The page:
Anthrax-tainted heroin still in circulation

Medical experts in the U.K. warn that anthrax-tainted heroin is still in circulation in Scotland, according to a BBC report released Thursday.

Since December of 2009, there have been 39 confirmed cases of anthrax in Scotland. Of those, 12 cases have resulted in deaths. Of the 12 deaths, seven have occurred in Greater Glasgow and Clyde.

Officials with Health Protection Scotland told the BBC that the most recent deaths occurred over the May Day holiday weekend.

Officials say there is no way to tell whether or not the drug is contaminated and that heroin users run the risk of contracting anthrax whether they inject or smoke the drug. Anthrax symptoms for users who smoke the drug include flu symptoms, difficulty breathing and nausea, health officials said.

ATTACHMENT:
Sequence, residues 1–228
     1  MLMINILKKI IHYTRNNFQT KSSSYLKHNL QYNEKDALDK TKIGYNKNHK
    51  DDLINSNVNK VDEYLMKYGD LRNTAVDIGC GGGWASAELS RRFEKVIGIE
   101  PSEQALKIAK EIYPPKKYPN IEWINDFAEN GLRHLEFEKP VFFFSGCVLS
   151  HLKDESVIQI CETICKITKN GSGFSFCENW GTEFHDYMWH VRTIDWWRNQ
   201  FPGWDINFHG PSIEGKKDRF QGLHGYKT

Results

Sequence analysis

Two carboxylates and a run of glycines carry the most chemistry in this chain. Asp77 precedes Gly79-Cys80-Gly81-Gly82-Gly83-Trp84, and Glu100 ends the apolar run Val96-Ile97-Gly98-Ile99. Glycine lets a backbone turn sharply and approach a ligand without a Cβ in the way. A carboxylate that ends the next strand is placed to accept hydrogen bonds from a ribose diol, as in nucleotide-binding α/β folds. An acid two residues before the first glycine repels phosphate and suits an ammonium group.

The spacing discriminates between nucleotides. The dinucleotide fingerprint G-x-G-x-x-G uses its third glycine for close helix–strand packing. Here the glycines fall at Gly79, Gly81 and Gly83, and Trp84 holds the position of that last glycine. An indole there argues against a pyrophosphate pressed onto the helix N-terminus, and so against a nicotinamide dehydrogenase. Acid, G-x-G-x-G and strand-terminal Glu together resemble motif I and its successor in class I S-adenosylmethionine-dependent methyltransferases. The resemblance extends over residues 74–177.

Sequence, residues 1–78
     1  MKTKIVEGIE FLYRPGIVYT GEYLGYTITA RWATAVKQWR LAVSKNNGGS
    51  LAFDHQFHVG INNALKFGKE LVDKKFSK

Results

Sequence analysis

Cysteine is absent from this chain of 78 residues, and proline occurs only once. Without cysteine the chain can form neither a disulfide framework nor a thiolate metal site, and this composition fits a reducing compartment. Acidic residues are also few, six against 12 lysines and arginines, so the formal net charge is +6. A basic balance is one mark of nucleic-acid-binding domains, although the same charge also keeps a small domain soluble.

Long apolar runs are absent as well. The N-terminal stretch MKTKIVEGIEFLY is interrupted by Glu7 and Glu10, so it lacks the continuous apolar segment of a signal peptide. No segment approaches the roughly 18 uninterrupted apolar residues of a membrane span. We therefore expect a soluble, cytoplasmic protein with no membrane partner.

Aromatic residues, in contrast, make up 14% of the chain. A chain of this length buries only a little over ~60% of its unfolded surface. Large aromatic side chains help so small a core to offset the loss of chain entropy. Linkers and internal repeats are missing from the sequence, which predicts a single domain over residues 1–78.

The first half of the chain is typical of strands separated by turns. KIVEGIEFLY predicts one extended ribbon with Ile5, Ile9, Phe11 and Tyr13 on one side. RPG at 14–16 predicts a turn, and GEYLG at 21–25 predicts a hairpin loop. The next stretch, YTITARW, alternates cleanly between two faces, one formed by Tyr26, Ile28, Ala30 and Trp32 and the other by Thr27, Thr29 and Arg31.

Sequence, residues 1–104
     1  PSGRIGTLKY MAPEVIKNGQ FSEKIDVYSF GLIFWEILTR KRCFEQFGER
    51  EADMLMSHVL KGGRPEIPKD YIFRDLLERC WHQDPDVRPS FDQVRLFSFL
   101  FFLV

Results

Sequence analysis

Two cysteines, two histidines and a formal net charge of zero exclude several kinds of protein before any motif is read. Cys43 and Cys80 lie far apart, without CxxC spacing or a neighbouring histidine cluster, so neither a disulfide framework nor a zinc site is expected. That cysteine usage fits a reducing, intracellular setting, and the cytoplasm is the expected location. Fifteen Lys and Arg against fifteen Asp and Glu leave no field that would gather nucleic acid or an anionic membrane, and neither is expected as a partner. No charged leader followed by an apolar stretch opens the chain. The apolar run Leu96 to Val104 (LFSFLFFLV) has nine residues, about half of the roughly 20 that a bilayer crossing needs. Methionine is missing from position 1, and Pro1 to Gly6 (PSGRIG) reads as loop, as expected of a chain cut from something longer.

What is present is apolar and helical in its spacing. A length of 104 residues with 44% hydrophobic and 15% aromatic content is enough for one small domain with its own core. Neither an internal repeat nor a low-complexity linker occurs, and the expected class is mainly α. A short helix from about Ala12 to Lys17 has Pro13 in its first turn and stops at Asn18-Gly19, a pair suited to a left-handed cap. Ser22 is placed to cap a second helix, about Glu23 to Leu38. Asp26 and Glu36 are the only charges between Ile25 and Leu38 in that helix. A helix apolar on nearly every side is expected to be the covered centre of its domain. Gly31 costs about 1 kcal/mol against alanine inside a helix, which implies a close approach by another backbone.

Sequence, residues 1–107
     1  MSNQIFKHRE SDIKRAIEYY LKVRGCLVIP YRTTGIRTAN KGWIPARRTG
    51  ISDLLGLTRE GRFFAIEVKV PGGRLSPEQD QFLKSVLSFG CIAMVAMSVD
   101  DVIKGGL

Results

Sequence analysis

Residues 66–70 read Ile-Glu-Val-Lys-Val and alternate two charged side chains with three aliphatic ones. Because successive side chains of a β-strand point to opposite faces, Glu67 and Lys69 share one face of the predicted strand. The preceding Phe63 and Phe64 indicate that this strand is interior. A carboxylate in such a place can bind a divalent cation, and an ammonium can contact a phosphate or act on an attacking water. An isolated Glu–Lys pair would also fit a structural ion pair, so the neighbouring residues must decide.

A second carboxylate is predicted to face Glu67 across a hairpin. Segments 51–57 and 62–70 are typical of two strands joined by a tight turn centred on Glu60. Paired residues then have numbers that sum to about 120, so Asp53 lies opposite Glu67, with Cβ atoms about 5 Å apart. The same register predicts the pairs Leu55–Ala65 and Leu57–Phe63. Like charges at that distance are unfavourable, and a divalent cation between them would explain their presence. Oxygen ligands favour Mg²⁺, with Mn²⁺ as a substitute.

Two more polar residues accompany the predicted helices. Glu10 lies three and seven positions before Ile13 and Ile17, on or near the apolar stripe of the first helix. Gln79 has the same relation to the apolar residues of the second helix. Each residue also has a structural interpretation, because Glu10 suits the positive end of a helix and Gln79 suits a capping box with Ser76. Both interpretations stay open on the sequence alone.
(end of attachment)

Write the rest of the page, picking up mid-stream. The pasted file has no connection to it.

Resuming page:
The symptoms for heroin users who inject the drug are more severe, including swelling and redness near the injection site, which can turn into an abscess, and nausea and severe headaches.

Health officials told the BBC that the onset of symptoms can occur anywhere between one to seven days after infection. If the infection is to be treated successfully, prompt action is required.

Health officials are also asking heroin users to seek treatment or, if barring that, to seek safer alternatives, including methadone.